With a lot of focus towards customisation of software functionality and interface components, there are some software platforms that choose to go down the path of creating APIs and exposing some of the internal code to allow customers to extend the features and functions of their software.

This often creates an overlap or conflict in how the terms 'extensions', 'plug-ins', 'add-ons' and 'widgets' are used because some refer to the technical implementation details or the way users go about the customisation process, but they are still essentially the same type of interface components that is presented on the screen. Here is a previous answer from StackOverflow as well for reference in the browser context (https://stackoverflow.com/questions/33462500/exact-difference-between-add-ons-plugins-and-extensions).

The use of the word 'extension' seems to come from the concept of extensibility in software architecture and design, while the word 'plug-in' seems to be an adoption of the physical object. However, both terms seem to be used interchangeably depending on the actual context, which could be for browsers, software platforms, standalone apps, etc.

While for the developer it may make sense to distinguish and keep these terms separate, the need for a consistent language to be displayed on the interface (e.g. menu) and documentation is still there. So from a user's point of view, can these terms co-exist or will it just cause confusion?

  • 2
    I think widget is very different to the other terms. Also, I don't think there's a correct answer for this question, all terms are really ambiguous and mean different things for different people or users, and even the same people but different contexts.
    – Devin
    Aug 8, 2022 at 17:28
  • @Devin I often find widget mentioned when there's dashboard interfaces or components being designed or built, and I wonder if in this context it will cause confusion.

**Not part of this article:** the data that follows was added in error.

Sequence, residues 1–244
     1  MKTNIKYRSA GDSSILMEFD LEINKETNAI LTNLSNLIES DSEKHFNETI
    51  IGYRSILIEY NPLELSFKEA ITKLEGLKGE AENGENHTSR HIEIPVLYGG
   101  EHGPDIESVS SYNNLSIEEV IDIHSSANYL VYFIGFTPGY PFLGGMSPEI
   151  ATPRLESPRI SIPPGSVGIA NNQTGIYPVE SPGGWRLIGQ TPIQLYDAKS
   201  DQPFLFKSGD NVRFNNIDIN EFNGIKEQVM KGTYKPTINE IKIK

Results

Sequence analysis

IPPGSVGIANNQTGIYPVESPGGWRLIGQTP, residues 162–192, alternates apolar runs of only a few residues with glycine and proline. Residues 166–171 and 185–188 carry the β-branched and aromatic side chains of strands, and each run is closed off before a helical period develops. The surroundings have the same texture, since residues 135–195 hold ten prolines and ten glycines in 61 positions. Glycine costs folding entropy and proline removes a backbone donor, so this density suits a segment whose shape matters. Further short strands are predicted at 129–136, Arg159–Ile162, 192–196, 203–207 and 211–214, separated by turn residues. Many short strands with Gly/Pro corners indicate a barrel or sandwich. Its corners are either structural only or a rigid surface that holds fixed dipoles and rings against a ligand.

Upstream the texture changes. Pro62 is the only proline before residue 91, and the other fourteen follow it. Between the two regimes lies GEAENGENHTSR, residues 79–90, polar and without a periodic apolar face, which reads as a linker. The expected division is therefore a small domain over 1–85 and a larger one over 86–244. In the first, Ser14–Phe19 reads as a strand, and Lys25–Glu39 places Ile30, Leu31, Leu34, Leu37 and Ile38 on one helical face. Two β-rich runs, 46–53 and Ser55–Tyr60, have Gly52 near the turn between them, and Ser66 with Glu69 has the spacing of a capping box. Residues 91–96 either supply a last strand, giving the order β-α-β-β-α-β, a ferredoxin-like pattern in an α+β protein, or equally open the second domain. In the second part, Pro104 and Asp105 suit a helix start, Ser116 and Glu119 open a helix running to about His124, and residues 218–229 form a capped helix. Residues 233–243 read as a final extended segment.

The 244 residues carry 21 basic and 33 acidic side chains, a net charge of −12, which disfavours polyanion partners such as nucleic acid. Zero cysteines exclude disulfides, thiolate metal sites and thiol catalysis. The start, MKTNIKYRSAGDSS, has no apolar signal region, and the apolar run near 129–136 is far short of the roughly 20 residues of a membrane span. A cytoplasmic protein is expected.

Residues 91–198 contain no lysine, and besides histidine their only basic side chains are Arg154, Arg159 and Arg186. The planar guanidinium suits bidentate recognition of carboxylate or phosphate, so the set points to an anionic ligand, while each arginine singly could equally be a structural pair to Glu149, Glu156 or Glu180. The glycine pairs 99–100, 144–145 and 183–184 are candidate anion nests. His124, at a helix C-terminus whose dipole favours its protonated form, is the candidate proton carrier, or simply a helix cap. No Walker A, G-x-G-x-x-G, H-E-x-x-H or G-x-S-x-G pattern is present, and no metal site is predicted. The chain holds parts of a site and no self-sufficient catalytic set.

– Michael Lai
    Aug 8, 2022 at 23:01

2 Answers 2


Multiple words for the same thing are always an annoyance. It will not break your software but your users will question the level of quality provided by your teams. It's a red flag for your users. In the back of their mind they ask themselves why you are not consistent with words. Most teams I know have some kind of small glossary with words and descriptions they decided to use within a product's scope.


Typical Answer Incoming

It depends on your users.

Each of these terms are distinguished by the computer literate and can even be used to determine a level of computer literacy of your target demographic. Those with less computer literacy are far less likely to know (or care) what the differences are.

External Consistency: 2 Roads Diverged...

Reading over (and interpreting a bit) the SO link, it appears that experienced software engineers who develop/use/work with extensions, plug-ins, and add-ons see a distinction between these objects. Except add-ons: which seem to be more of a generic term some organizations use. In these communities, the terminology is important.

For businesses and products that utilize, plug-ins, extensions, and /or add-ons, the terms are used more loosely and inconsistently. Likely as they have a broad audience including many with average to low computer literacy. The SO link actually calls out these inconsistencies in the questions.

Internal Consistency (Assuming Average or Low Computer Literacy)

Seems this is your goal and using any of one of these terms to represent all three is probably acceptable for individuals with lower computer literacy. Knowing what the specific add-on, extensions, plug-in does is more important.

Except! I recommend being careful with the term "plug-in" for lower computer literacy users. This term has been associated with Adobe Flash and the security risks involved with that plug-in (it matches the software engineering definition). The public is likely more aware of this due to the media attention it once had with Apple's iPhone products. Lower literacy users could be wary of any plug-ins, believing all or any of them could be a security risk. Test impressions of the term "plug-in" before using it within your application.

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